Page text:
No More Silence: It’s Never Too Late to Start Healing
This video started with a conversation. Anthony Newcastle and I and our colleague Gordon Glenbar were discussing how to reach out and offer support to Aboriginal and Torres Strait Islander men who have been sexually abused in childhood. Many of these men have told us privately and professionally that they will never speak publicly about what was done to them, how difficult it is to access support, how they do not know who to trust, and how they are unsure if healing is even possible.
The Australian Royal Commission into Institutional Responses to Child Sexual Abuse has highlighted the high rates of sexual abuse of Aboriginal and Torres Strait Islander children within government and church run institutions and community settings, and the need to improve responses. Many Australian First Nation communities are dealing with the legacy of colonization, the forced removal from ancestral lands, the placement on missions, the fracturing of clan groups, the denial of language and culture, the stolen generations, and resulting inter-generational traumas. Aboriginal and Torres Strait Islander peoples are 2-4 times more likely to be sexually abused in childhood, 6 times more likely to die by suicide, and male life expectancy is reduced by 10.8 years.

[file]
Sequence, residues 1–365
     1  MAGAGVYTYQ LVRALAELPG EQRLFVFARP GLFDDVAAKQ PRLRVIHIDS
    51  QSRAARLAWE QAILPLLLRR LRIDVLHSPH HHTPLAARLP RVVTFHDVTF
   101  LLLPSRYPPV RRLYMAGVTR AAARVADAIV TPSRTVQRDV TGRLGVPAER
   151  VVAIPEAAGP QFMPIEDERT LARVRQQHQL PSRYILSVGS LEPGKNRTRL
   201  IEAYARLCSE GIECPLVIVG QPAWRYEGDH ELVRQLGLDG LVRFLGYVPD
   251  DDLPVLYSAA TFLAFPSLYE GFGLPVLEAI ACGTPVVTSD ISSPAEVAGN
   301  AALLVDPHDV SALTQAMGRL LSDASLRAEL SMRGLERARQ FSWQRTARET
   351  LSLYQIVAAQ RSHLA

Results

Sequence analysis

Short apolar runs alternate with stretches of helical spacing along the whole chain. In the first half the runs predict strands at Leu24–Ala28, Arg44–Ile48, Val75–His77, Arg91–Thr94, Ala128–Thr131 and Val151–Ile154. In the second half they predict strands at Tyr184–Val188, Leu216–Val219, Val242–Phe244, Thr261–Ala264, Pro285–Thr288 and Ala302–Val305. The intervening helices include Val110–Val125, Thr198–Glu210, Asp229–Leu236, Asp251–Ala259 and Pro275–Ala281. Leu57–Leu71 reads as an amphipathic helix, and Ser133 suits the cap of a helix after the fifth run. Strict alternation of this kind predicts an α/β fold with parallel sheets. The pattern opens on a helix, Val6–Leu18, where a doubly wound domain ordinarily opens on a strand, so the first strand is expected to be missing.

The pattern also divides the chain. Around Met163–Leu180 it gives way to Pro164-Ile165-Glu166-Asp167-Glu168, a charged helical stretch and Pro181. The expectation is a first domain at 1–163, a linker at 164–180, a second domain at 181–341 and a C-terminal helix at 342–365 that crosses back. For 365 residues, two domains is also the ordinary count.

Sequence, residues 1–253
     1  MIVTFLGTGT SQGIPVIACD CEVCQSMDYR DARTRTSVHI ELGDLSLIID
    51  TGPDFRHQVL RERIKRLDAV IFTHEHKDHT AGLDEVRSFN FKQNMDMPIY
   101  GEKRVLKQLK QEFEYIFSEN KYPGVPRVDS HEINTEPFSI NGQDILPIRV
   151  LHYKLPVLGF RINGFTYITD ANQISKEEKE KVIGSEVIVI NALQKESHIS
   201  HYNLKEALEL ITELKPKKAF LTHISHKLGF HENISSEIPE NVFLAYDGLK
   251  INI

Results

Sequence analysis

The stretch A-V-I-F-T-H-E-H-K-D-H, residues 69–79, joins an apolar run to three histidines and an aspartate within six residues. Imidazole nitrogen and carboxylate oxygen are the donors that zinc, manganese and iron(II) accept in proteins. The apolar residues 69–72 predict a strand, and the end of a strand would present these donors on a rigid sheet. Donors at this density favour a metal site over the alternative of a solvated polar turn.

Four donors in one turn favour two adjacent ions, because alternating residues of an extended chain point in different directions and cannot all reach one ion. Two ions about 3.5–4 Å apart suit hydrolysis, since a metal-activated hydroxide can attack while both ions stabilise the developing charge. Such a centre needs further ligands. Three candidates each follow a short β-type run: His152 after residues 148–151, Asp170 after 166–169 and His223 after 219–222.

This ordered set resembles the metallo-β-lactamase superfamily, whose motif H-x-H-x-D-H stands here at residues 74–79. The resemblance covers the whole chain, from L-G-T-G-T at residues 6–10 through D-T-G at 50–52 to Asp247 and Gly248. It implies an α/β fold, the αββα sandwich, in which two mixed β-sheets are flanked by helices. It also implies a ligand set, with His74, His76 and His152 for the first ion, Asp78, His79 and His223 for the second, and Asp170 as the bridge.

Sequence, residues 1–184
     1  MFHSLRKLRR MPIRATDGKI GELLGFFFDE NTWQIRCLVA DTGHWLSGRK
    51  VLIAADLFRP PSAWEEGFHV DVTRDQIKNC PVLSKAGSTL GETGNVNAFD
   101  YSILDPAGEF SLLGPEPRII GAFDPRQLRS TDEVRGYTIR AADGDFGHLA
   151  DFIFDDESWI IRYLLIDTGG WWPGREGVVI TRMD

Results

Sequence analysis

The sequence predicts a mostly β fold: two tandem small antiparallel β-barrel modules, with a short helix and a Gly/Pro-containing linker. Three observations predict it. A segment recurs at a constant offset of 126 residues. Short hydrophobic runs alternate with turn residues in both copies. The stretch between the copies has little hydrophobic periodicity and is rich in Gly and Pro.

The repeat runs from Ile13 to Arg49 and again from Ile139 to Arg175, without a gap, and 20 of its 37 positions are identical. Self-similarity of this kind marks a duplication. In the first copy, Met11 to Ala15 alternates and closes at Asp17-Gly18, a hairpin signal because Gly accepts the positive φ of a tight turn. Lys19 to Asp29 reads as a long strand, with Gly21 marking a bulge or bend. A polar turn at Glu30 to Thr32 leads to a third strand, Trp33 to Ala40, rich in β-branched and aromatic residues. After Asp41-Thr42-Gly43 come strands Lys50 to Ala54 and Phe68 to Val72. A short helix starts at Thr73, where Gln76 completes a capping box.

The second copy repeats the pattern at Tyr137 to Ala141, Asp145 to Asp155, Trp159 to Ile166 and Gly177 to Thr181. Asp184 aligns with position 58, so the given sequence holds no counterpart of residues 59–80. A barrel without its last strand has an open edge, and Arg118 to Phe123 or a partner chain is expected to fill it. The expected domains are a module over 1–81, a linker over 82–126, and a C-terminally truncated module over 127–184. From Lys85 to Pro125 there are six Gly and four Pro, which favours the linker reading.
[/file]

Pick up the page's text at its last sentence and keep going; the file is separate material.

It is in this context that the conversation about raising awareness and improving support for Aboriginal and Torres Strait Islander men who have been sexually abused was started.
–Gary Foster, Living Well
Discussions at Didgeri